NEWPORT BEACH – Coastal cities along the Southern California coastline were inundated with small red crabs the week of June 17.
Masses of pelagic tuna crabs were found on the Newport Beach shoreline, which was documented by visitors to the area and city staff. In San Diego, the crabs could be found from Ocean Beach to La Jolla.
According to the city’s Marine Protection Division Supervisor Michelle Clemente, the tiny crabs are not normally observed on the Orange County city’s coastline and live offshore in deeper, warmer, ocean waters closer to Baja. Ocean currents and warmer-than-usual ocean temperatures carried them north. The crabs were dead or dying once they reached local beaches.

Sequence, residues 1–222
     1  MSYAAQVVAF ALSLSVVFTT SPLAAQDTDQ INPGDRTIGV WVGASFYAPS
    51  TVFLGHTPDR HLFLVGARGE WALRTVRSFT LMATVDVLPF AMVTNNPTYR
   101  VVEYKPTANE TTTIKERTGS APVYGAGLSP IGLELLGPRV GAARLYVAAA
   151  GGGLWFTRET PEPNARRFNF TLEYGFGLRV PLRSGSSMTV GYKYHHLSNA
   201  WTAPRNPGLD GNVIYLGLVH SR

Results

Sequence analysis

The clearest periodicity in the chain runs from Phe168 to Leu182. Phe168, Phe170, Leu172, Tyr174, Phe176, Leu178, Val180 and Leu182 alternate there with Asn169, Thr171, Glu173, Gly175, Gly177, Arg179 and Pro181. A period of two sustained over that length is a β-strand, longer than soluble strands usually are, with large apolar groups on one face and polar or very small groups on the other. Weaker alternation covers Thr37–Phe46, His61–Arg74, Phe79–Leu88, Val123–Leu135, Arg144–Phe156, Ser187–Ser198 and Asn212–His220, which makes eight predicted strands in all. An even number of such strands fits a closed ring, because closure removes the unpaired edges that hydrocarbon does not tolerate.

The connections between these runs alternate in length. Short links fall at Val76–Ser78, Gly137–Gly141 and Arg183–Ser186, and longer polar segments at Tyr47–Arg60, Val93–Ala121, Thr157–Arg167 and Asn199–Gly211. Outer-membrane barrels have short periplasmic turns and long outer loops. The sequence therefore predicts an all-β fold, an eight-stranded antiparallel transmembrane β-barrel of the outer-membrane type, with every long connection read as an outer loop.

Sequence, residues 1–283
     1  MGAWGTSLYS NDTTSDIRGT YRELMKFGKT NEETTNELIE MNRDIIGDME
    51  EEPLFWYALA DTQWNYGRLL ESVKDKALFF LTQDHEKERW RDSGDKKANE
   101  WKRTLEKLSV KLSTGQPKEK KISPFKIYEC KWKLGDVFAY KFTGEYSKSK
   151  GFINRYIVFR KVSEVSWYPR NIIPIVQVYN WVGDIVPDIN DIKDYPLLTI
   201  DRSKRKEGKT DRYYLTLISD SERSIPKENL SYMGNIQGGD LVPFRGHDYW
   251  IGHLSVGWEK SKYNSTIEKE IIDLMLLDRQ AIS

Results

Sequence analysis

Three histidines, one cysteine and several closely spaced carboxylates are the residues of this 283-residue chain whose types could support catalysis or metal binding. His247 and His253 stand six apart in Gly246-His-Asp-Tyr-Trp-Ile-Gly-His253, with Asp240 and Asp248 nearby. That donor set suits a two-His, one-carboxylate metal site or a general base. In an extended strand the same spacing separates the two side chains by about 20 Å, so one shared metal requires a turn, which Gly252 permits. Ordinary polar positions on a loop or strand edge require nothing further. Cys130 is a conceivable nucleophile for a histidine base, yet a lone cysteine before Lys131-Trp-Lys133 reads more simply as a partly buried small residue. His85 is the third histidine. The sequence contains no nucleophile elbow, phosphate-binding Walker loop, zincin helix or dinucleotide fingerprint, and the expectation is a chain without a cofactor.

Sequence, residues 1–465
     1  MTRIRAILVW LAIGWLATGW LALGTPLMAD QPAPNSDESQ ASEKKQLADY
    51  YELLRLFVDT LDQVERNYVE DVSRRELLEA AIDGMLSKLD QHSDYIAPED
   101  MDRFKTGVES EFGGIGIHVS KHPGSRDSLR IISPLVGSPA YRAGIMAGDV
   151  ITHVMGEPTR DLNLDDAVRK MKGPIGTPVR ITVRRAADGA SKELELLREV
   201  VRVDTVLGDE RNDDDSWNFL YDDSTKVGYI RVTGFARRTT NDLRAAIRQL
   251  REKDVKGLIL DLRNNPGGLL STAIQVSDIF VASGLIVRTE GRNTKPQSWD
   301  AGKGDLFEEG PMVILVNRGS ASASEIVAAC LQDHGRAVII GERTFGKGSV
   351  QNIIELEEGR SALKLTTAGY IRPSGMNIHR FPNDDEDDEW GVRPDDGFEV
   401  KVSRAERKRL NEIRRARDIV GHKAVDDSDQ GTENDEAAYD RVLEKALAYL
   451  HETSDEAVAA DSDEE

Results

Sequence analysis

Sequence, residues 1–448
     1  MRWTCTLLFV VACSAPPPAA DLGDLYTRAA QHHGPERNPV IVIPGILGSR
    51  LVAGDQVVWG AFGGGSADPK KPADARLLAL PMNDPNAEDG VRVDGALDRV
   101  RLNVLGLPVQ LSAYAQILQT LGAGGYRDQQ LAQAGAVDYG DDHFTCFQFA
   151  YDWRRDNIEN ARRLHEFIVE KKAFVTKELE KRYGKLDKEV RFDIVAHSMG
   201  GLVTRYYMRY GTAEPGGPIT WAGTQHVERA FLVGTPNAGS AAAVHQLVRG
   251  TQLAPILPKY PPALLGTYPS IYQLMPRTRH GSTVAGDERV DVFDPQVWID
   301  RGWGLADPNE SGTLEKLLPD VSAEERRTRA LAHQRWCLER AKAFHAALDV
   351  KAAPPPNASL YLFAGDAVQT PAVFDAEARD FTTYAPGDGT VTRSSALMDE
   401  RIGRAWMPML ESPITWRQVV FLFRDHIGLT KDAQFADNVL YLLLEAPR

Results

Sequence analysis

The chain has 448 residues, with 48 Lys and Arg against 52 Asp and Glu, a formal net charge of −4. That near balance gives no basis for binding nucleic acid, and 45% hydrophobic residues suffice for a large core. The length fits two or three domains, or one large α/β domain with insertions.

“This species of crab is unlike our local crabs,” Clemente said. “Tuna crabs are not strong swimmers or crawlers like the crabs we typically see along the Newport Beach coast and they do not survive for long out of the water. They rely upon the ocean currents to carry them.”
The tides were helping to clear the crabs from the city’s oceanfront beaches at press time. Grunion season prohibits heavy equipment from the ocean shoreline, which required staff to rely on the tide to clear the sand of the red crabs.
The bay tides are not as powerful and the city needs to manually clear many of the community’s bay front beaches, according to city staff. The beach cleaning equipment cannot reach those areas so city crews were hand-raking and removing the crabs at press time.